CHAPTER EIGHT

 

Robbery

By definition - Is the taking of property by the use of or threatened use of immediate physical force.

 

OBJECTIVE #1 -

Identify the elements of:

Robbery in the Second Degree - MCCH Ch. 8.3

Robbery in the First Degree - MCCH Ch. 8.4

 

OBJECTIVE #2 -

Identify the aggravating circumstances that make robbery first degree other than when a deadly weapon or dangerous instrument is used. MCCH Ch. 8.4 Elements

 

Difference between 1st Degree and 2nd Degree is presence of 1 of 4 aggravating factors on page 126.

 

B. Question 1 worksheet - No robbery - no force in taking the property (threatened or used)

 

1. Question 1A - What was the purpose of force - not the taking. Not robbery.

 

2. Question 1B - Robbery II - No requirement that the property be on or immediately near the person.

 

3. Question 1C - Could be robbery if child was there. Question is: was the threat immediate? Possibly here. Could be stealing by coercion.

 

4. Question 1D - Same questions as above. Probably stealing by coercion rather than robbery - but book says - threat that injury may take place at different time is still robbery.

 

5. Question 1E - No question here. Transfer of property completed pursuant to the threat of physical force.

 

C. Pharmacy Robbery.

 

1. Contains minimum sentences with no parole.

 

OBJECTIVE #3 -

Arson

Identify the elements of.

a. Arson in the Second Degree - MCCH Ch. 8.8


b. Arson in the First Degree - MCCH Ch. 8.9

 

A. What is difference between 1st and 2nd Degree Arson?

 

In 1st Degree Arson a person is in or near building when fire started and is recklessly (know or should have known) placed in danger of death or serious physical injury.

 

OBJECTIVE #6 -

Identify the major difference between the crimes of Arson and Knowingly Burning and Exploding. MCCH - Ch. 8.10 Comments

 

B. Key elements

 

Question 2 worksheet - Is a fire or explosion but did not damage building or structure but another's property damaged so can be charged with knowingly burning or exploding. Also might get an attempted arson (if bomb had landed on floor, not sofa but did no damage, for example).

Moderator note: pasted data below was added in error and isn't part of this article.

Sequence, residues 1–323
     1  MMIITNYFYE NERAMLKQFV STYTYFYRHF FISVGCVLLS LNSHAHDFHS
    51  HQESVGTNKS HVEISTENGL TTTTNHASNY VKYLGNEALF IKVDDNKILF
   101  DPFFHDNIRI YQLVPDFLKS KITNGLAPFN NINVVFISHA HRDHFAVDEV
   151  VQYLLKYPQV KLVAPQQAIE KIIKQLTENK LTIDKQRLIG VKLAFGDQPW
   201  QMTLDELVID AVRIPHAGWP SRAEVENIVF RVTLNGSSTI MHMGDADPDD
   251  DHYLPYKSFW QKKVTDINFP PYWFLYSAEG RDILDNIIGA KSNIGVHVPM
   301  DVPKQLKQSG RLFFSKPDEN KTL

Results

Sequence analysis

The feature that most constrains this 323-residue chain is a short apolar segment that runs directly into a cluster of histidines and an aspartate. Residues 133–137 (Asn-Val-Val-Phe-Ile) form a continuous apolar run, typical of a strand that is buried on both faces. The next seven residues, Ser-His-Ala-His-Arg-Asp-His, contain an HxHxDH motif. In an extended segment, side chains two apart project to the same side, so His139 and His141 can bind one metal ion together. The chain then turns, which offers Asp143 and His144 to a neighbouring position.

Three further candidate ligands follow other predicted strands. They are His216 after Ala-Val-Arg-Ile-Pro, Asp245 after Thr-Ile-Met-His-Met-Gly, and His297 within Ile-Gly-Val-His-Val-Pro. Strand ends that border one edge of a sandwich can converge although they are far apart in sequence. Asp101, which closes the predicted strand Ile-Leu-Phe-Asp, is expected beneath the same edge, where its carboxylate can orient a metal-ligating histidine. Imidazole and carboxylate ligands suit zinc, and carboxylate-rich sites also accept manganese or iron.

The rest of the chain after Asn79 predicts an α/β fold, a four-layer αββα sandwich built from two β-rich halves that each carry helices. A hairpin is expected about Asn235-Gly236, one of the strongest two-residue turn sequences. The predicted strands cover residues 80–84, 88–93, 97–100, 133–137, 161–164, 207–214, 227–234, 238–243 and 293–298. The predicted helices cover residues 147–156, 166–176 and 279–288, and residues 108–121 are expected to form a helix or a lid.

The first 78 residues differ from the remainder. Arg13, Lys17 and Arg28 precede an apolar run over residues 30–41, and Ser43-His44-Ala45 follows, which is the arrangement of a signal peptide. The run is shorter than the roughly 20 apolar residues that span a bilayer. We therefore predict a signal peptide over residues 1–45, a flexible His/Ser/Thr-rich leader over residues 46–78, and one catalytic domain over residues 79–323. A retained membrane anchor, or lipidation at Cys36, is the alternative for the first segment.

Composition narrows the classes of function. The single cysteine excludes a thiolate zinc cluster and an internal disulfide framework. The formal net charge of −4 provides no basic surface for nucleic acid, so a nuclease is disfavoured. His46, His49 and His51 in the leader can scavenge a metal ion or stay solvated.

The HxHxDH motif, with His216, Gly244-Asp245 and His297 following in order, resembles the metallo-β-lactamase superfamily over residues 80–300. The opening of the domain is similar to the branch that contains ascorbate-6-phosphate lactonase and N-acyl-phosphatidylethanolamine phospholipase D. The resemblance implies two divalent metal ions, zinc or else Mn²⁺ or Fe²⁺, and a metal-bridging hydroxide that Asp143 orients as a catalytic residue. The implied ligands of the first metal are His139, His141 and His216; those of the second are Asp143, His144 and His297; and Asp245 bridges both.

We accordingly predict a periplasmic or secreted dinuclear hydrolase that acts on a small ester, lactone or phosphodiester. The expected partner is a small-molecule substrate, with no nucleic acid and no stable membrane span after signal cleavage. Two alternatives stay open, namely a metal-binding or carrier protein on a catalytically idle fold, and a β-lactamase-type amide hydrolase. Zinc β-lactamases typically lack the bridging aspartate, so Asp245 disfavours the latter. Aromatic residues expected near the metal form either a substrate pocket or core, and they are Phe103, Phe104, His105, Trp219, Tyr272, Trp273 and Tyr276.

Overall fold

Question (second part) - Again no building or inhabitable structure was damaged. Purpose was to damage even if intent wasn't to destroy, can be charged with knowingly burning or exploding even if damage was only slight. Doesn't make any difference if E (victim) knew about bomb - knowingly goes to mental state of actor. Same for car - is property but not a building or inhabitable structure.

 

Question 2a - How about negligent burning? No knowingly requirement. Should have known of risk maybe.

 

Question 2b - 2nd Degree Arson - Does it matter that he didn't intend fire to spread? No. Does it matter if anyone is home? Yes. 1st Degree.

 

5. 3rd Part Question 2 - Causing catastrophe

 

C. Note

1. For review, read the examples in the back and know that such conduct is an offense. Know difference between 1st, 2nd Degree Arson.

 

D. Summary.

 

1. Arson 1st - Inhabitable structure or building - person near or inside -serious danger.

2. Arson 2nd - No one need be inside.


3. Knowingly burning or exploding - Knowingly damaging any property of another.

4. Reckless burning or exploding - Recklessly damages or destroys.

5. Negligent Burning and Exploding - Negligently damaging property.

6. Causing catastrophe - A serious Class A felony.

 

OBJECTIVE #4 -

Tampering Offenses.

Identify how the two tampering statutes apply to the operators and passengers of stolen vehicles MCCH - Chs. 8.14 and 8.15 Comments

 

OBJECTIVE #7 -

Identify the elements of:

a. Tampering in the First Degree - MCCH Ch. 8.14

b. Tampering in the Second Degree - MCCH 8.15

 

Main thing to remember

1. Even if the elements of stealing aren't all present, a crime is committed. Effective in car chop shops and auto thefts, fooling with utility meters.

2. Example - Question 3 worksheet - Driver Tampering I; rider Tampering II; still might get driver on felony stealing but this is easier to prove. Most people caught driving or riding in stolen autos are prosecuted for tampering since you do not have to prove they stole the vehicle originally.

 

OBJECTIVE #8 -

State how the tampering statutes apply to operators and passengers in stolen vehicles. MCCH - Ch. 8.14

 

C. Computer Tampering - Remember that computer may invoke special violations.

 

D. Identifying numbers